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Washington Nationals: Better Than Their Record?

ST. LOUIS, MO - JULY 13:  National League All-Star Ryan Zimmerman of the Washington Nationals looks on during the Gatorade All-Star Workout Day at Busch Stadium on July 13, 2009 in St. Louis, Missouri. (Photo by Elsa/Getty Images)
Dave NicholsSenior Analyst IJuly 17, 2009
"The Nats should be better than their record."
That's a quote I read and hear a lot in NatsTown. But is it the truth?
Incoming manager Jim Riggleman professed to thinking so. In his introductory press conference, he made some very similar statements.
"...sooner or later this talent that we have is going to surface and we will get the results that we want to produce."
"We just have to just keep hitting ground balls and take fly balls—eventually that work is going to pay off."
"We just have got to continue to work and I don’t think there is a—'what if we don’t.' I just know that we will.”
Mike Rizzo, in his statements to the press after the firing of Manny Acta said as much as well. "...we kept thinking that this was going to turn around. We were going to start playing better. And we have always continued to underachieve in my opinion."
But is this team underachieving? The stats say no. The stats say this team is just bad.
Most runs allowed per game at 5.62. There's only one other team (the Padres) over 5.00, and the Nats are over five and a half runs per game.
Last in the NL in overall ERA. Last in walks per nine innings. Next to last in strikeouts per nine innings.
Should we talk about the bullpen? Last in saves. Most blown saves. Twelfth in holds. Most in inherited runners. Second highest percentage of inherited runners scored. Fewest wins in relief with eight. Most losses in relief with 30. Second has just 17.
The offense is eighth in the league in runs per game, second in on-base percentage, and sixth in slugging percentage, but the slugging drops 30 points with men on base. They have grounded into the fourth highest number of double plays, and are 14th in sacrifice hits and 15th in sacrifice flies.
The batters also are getting "lucky". The collective batting average on balls in play (BABIP) is .313, second highest in the league. This is a measure of how often batted balls go for hits. League average is .296, and though that doesn't sound like much, as the Nats regress to the mean, they'll be collecting fewer hits and the on-base percentage—and RBI—will drop.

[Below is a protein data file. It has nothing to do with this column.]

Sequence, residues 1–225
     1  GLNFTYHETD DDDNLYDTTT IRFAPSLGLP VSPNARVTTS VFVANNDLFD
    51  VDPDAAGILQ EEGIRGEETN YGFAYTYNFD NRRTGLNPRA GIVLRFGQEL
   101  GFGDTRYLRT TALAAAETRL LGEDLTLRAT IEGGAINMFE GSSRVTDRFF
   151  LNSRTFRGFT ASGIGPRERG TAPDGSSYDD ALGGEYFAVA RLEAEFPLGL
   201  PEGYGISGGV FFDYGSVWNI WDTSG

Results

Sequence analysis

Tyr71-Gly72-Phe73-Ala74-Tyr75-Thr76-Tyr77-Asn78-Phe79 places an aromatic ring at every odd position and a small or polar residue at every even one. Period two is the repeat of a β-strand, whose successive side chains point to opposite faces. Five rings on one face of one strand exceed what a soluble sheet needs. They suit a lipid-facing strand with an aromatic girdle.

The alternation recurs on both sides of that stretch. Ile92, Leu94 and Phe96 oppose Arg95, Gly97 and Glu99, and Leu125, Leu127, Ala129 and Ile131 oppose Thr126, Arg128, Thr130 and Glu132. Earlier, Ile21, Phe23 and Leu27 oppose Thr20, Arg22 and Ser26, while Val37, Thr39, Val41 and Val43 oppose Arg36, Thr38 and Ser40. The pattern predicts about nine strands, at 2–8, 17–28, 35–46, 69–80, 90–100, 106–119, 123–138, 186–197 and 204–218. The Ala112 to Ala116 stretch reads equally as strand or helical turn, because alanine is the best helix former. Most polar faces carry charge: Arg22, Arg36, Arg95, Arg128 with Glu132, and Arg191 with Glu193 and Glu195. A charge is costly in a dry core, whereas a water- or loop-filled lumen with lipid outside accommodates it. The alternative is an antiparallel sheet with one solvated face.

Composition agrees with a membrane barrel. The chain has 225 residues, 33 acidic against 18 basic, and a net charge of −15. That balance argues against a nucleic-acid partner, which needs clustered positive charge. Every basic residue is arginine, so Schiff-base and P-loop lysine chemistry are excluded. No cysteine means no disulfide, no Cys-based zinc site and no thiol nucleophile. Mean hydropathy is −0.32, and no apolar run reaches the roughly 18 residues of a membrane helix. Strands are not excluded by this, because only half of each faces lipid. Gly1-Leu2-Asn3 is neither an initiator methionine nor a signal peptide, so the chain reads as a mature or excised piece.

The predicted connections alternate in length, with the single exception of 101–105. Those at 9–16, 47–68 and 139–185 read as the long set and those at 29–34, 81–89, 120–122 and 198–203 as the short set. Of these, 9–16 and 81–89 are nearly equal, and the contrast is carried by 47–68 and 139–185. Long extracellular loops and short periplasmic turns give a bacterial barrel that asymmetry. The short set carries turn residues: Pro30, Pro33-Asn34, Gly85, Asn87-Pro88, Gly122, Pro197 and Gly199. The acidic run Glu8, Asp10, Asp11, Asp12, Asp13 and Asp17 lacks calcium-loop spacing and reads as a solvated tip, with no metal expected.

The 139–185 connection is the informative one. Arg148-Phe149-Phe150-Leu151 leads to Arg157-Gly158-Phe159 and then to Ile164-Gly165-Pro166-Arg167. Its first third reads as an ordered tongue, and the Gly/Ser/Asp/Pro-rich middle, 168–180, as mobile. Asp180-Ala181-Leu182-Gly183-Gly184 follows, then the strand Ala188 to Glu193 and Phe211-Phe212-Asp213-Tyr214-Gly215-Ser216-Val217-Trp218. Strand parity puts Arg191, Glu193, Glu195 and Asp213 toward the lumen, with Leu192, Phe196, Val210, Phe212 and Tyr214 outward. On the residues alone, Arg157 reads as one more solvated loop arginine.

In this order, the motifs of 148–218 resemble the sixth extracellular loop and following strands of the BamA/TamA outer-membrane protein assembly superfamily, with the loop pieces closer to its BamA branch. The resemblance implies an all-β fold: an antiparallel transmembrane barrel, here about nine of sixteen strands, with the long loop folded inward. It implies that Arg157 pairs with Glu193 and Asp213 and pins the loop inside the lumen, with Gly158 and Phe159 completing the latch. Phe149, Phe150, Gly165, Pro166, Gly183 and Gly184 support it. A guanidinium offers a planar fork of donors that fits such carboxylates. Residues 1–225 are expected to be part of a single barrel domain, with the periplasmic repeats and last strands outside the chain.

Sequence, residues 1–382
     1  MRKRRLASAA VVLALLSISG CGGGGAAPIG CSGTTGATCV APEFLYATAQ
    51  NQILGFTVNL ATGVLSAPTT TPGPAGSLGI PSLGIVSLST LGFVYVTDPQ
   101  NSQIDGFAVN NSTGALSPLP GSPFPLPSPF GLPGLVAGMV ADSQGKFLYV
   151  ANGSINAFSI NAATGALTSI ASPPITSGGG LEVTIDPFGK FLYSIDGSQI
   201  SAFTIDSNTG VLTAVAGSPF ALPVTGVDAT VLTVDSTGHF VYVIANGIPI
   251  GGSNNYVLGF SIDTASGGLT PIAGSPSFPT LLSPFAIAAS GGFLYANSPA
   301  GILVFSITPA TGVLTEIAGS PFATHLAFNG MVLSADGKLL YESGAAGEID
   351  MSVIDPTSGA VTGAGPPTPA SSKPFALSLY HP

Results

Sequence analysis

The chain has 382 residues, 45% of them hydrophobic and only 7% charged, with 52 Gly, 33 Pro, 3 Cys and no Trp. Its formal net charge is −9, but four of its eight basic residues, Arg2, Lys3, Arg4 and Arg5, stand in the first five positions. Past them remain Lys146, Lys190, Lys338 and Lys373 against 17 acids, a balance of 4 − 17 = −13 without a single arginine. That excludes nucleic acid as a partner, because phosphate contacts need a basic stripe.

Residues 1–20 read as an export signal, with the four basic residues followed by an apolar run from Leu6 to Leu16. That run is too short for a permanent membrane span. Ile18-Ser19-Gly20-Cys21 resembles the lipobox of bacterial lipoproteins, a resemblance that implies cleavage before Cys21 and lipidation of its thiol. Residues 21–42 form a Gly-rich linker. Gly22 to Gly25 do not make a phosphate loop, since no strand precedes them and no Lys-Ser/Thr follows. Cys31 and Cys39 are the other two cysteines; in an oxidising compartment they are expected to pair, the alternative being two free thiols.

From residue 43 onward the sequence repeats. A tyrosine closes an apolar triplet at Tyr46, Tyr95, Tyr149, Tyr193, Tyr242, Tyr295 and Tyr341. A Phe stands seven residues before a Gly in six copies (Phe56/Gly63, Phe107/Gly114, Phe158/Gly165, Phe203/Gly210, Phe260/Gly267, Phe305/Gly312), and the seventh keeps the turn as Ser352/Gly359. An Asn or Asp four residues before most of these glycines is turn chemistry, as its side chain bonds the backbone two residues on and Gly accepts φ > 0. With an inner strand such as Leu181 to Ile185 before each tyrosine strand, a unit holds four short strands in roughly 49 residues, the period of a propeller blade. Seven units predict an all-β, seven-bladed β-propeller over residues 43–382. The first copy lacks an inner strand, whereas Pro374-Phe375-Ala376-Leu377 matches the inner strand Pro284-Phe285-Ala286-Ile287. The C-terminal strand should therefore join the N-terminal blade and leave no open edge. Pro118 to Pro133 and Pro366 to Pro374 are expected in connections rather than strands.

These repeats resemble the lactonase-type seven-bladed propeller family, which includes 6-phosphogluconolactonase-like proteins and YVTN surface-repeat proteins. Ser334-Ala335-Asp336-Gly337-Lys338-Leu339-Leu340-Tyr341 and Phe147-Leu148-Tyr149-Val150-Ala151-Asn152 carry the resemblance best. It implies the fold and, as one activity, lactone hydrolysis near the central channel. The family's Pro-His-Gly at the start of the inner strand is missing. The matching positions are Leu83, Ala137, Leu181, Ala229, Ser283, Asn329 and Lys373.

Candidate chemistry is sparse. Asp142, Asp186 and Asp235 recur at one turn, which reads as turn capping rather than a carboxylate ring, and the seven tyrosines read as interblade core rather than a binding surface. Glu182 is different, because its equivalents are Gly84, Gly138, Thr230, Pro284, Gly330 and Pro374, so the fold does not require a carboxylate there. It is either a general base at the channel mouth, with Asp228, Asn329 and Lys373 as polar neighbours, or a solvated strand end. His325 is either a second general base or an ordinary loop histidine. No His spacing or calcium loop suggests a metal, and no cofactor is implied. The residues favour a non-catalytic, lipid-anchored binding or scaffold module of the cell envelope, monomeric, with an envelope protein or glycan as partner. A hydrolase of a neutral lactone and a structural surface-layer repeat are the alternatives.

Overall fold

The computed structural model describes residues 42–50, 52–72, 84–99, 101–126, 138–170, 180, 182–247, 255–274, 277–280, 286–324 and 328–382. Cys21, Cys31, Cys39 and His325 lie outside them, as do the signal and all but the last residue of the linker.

And since they already do a poor job of converting base runners into runs, fewer runners will mean fewer runs. Which means, possibly, fewer wins, if the pitching doesn't miraculously get better.
And what can we say about the defense that hasn't already been said? Most errors in the league by four over Arizona...but the team in third has 23 fewer errors. Dead last in fielding percentage. Dead last in percentage of balls in play turned into outs. Twelfth in double plays.
To listen to some folks, it's just a matter of "attitude." The players need some motivation, they weren't getting it from Acta, and Riggleman will give them some discipline and things will turn around.
Other than Ryan Zimmerman's comments, can anyone point me to any evidence that this is even remotely true?
Ryan talks about "accountability," apparently because he, and a couple others, thought Lastings Milledge should have been benched because he skipped out on the team meeting the day before the season started.
OK, Ryan. You want accountability?
How about you take a couple days off to think about your throwing problems, which cost the team another run last night. Your 14 errors are tied for second in the N.L. Not just for third basemen, for everybody. Your fielding percentage for third basemen is third worst of anyone with 50 or more games played.
People like to think of you as a Gold Glove caliber third baseman "if he could solve his throwing problem." You know what? You haven't. You make the spectacular look easy, and the easy look horrific.
Maybe you need to clear your head to solve your hitting woes, D.C.'s dark little secret right now.
Your all-star appearance might have persuaded some to look the other way, but since May 17, the day your averages were the highest all season at .364/.418/.623, you've been hitting a robust .228/.303/.365. In 221 plate appearances, you've been far, far below replacement value, especially considering you've been hitting in the third spot in the lineup every day.
In fact, you are the only batter on the team that hasn't been slotted in a different spot in the lineup so far.
There's your accountability, Ryan.
You want to talk about players "underachieving"? Let's start with the Face of the Franchise.

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